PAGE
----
Our deepest sympathies go out to the family of Natasha Ednan-Laperouse who tragedy passed away following a severe allergic reaction to Sesame. She died after eating a baguette from Pret a Manger at Heathrow airport prior to boarding a British Airways flight for Nice.
Following the outcome from the inquest, we would be in support of the recommendation made by Coroner Dr Sean Cummings to review the food information regulations regarding the labelling of pre-packaged food made on site for direct sale.
We hope the review will cover all food business that sell food that has been prepared and packed on the same premises from which they are being sold, irrespective of the size of the business.
Currently by law, food businesses selling catered food (for example in restaurants, takeaways and hotels) are required to provide information on major allergenic ingredients, either in writing and/or orally. If information is provided orally, the food business will need to ensure that there is some sort of written signage that is clearly visible, to indicate that allergen information is available from a member of staff. Systems should also be in place to ensure that, if requested, the information given orally is supported in a recorded form to ensure consistency and accuracy.
Under the UK’s Food Regulation 2014 food business that sell freshly handmade, non-pre-packaged food do not have to individual label the products and can provide allergy information in writing or verbally.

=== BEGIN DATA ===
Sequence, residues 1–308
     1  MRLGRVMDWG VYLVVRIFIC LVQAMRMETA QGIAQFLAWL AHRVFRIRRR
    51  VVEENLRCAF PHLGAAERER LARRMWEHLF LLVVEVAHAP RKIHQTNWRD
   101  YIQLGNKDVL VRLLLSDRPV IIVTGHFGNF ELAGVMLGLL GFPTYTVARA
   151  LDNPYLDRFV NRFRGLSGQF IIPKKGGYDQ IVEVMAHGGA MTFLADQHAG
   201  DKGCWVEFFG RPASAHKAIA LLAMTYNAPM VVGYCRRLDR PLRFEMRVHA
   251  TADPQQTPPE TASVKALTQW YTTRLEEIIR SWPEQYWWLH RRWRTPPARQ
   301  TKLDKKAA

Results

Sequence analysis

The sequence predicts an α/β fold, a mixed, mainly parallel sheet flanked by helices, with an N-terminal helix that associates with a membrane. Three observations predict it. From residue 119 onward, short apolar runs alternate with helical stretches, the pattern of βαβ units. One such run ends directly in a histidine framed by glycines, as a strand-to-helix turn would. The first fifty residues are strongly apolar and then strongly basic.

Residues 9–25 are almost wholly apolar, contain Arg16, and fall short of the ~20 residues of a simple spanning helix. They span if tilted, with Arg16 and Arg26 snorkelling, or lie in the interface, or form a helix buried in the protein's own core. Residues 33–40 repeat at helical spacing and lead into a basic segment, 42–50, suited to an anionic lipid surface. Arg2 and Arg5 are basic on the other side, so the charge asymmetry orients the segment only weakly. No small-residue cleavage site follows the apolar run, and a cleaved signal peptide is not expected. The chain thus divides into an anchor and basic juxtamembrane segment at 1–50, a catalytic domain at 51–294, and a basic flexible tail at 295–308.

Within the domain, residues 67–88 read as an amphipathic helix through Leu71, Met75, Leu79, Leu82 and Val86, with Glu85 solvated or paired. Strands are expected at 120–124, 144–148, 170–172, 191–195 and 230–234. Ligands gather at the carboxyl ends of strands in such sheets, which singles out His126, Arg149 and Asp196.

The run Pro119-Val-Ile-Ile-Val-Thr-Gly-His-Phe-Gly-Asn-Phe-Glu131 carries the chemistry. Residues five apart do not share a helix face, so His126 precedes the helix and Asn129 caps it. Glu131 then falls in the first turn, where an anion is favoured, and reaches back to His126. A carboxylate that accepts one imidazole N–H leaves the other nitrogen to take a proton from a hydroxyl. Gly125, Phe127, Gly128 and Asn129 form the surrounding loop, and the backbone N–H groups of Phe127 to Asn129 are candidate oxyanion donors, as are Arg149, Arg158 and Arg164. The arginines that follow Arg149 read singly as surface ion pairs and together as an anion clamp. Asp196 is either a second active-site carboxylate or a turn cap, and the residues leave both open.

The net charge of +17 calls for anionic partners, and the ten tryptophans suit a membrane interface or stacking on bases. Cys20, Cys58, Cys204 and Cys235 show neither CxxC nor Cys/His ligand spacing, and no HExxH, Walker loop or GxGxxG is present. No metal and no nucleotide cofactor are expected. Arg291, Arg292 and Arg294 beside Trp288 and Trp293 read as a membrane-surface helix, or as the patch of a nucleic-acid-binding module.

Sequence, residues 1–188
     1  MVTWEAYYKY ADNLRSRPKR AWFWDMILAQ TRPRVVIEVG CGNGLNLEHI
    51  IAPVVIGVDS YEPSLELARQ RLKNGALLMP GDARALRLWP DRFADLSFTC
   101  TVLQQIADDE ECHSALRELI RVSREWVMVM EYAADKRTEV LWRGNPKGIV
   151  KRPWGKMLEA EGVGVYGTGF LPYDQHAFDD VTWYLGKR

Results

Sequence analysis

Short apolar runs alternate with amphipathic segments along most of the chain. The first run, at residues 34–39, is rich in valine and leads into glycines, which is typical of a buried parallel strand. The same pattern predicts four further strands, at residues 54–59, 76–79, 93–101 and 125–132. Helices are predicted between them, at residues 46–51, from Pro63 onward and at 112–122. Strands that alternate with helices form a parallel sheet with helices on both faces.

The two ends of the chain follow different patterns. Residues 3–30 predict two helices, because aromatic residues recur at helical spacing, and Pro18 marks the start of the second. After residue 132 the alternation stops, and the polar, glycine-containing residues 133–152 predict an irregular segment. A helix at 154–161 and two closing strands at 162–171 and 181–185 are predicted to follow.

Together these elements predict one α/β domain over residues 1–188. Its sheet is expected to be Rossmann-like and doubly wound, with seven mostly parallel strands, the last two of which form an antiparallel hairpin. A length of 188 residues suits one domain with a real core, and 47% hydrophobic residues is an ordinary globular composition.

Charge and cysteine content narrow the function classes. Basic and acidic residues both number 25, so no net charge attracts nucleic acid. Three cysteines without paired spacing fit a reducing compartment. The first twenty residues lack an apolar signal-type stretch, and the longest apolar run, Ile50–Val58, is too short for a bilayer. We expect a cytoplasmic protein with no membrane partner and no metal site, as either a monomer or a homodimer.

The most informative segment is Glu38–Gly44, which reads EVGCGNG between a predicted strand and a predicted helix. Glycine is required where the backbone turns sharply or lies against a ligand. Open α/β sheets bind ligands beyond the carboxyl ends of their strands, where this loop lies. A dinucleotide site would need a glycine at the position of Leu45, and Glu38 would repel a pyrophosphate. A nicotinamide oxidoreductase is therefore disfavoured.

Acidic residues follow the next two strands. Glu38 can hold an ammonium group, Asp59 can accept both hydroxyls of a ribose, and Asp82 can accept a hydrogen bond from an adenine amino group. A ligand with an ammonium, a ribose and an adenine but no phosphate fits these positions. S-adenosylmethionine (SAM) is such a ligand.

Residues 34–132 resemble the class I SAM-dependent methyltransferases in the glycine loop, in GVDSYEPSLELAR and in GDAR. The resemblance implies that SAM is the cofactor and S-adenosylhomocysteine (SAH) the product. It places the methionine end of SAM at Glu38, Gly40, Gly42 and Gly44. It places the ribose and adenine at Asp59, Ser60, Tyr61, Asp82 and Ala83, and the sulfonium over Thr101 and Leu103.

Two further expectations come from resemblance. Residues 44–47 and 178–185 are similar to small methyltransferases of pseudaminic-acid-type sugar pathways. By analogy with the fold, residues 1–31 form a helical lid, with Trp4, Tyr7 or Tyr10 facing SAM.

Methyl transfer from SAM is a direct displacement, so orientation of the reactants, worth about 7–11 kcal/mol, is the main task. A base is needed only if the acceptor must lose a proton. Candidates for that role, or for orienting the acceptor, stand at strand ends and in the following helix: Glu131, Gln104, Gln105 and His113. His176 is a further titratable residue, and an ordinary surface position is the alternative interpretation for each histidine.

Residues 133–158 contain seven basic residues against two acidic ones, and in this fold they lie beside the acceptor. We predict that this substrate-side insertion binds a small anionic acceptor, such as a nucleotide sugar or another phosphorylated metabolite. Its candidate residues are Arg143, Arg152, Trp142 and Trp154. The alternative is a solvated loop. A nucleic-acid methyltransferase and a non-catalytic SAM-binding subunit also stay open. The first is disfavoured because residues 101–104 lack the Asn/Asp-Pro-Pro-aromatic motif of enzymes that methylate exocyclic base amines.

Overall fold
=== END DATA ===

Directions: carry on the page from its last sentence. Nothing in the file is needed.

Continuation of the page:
The Coroner has also announced that he will send a report to prevent future deaths to the medicines regulator, the MHRA, and the manufacturer of EpiPens, amid concerns that they may be too short to penetrate the muscle and contain an inadequate dose of adrenaline to ensure they are effective for everyone. It is important to note that The European Medicines Agency (EMA) completed a review of all adrenaline auto-injectors approved in the EU in 2017 and concluded that manufactures should carry out studies in humans to fully understand when and how much adrenaline reaches the blood stream, and how quickly and effectively it acts on body tissues when given through an auto-injector. These studies have started and will help to inform future recommendations for adrenaline auto-injectors.
You can find out more in our guide to eating out for young people here.
If you have any concerns or questions, please contact our helpline team at [email protected] or call 01252 542 029.
For further information, please contact our press office via [email protected] or call 01252 893 862.